The markets having certainly been behaving in the strangest way for years. But they aren't just playing havoc with the value of your portfolio. They are also upending a lot of standard unproven investing advice that we've always dreamed was true.
For instance, how often have you heard investing advice to the effects that you can't really predict what'll happen in the market? Well how is it than that the Tobin's q metric seems to time the market very well? This is a measure that looks at how much a company is worth and then tries to work out how much it would cost to build a company from scratch.
If a company is valued at more than that, that's a sign that there's something wrong's going on and it's going to go into a tailspin. Always make sure that you take this into account. And ignore investing advice that says that you just can't time the market.
You hear it said time and again that the markets are an efficient way of distributing wealth. This is such an accepted truth that even the Supreme Court has brought it up sometimes. Well, sorry, but the markets just aren't efficient. Consider how back in July, the Greek government bonds were trading with an annual yield of 35%. And yet, the Russell 2000 index was on absolute roll.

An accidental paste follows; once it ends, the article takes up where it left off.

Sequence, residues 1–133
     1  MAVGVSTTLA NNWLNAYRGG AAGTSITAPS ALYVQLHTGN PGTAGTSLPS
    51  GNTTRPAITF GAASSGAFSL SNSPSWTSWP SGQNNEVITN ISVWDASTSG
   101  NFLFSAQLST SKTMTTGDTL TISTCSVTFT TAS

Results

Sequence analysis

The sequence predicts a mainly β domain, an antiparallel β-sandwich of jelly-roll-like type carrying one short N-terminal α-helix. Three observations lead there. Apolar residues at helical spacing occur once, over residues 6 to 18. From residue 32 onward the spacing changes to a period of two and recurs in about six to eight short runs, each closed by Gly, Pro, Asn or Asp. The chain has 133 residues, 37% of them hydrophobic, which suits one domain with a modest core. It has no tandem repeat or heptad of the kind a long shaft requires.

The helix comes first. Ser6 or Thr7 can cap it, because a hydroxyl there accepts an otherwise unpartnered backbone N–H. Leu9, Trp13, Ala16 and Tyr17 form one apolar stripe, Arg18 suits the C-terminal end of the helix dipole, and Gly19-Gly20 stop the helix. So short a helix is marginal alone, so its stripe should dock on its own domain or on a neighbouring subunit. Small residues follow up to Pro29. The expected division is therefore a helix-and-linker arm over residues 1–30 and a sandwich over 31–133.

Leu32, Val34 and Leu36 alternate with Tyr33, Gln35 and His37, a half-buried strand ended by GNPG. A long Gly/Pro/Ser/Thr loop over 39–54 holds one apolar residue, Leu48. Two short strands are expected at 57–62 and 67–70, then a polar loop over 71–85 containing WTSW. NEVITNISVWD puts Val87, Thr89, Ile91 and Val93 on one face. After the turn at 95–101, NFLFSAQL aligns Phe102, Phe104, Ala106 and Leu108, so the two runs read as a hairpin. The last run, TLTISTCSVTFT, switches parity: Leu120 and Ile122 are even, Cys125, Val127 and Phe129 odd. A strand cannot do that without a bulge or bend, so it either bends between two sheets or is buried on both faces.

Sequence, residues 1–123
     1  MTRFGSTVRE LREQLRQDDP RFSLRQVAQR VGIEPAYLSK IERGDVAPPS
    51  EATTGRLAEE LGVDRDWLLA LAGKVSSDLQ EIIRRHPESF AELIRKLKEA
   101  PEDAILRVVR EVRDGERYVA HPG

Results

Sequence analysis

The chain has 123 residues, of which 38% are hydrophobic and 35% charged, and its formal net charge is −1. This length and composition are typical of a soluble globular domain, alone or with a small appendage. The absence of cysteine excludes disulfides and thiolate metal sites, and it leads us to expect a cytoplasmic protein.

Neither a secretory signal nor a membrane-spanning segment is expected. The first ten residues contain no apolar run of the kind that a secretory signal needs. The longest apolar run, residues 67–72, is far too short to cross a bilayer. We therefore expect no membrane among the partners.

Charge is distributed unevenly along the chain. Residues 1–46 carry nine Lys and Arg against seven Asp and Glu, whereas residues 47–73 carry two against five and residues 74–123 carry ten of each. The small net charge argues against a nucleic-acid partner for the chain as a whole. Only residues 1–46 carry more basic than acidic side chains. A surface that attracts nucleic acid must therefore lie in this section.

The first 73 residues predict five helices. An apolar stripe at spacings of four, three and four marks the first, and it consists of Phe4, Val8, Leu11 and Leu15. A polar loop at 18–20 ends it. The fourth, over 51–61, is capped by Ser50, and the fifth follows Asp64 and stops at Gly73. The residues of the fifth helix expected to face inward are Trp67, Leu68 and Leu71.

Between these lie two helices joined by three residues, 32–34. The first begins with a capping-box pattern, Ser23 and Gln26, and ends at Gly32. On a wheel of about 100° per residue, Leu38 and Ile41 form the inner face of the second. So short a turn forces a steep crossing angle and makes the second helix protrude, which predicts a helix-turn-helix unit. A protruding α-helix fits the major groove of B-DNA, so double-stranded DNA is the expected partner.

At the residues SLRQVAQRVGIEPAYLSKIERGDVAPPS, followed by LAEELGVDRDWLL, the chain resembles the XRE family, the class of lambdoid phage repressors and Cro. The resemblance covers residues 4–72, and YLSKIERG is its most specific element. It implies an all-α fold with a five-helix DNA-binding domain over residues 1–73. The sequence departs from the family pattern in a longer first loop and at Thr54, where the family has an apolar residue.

How is it the stock market can take a situation where everything's going to crater in three months, and then trade so well that investors think things going fine? What that means is, that you can't trust the way the markets are going. The markets are not efficient. And this is bad investing advice.
How about the old standby that if you want more returns, you had better be willing to take on more risk? Well, this isn't totally bad investing advice. But it's quite unreliable. For instance, inflation-protected US bonds are as dull as dishwater. And yet, they've done very well over the last 10 years. Over the same period of time, the S&P 500 has lost money. It doesn't always pay to go with the risky stuff. It only pays go with well-understood risks.
How about the advice that you need to put your money to work for it to do anything good? Yes, that would be a good idea. If where you put your money could actually be called work. The S&P 500 over the last 10 years could hardly be called that. If you had just saved your money in CDs, you'd have been much better off.
And finally, try to ignore investing advice tells you that putting your faith in American stocks is patriotic and the best. That's not how it works.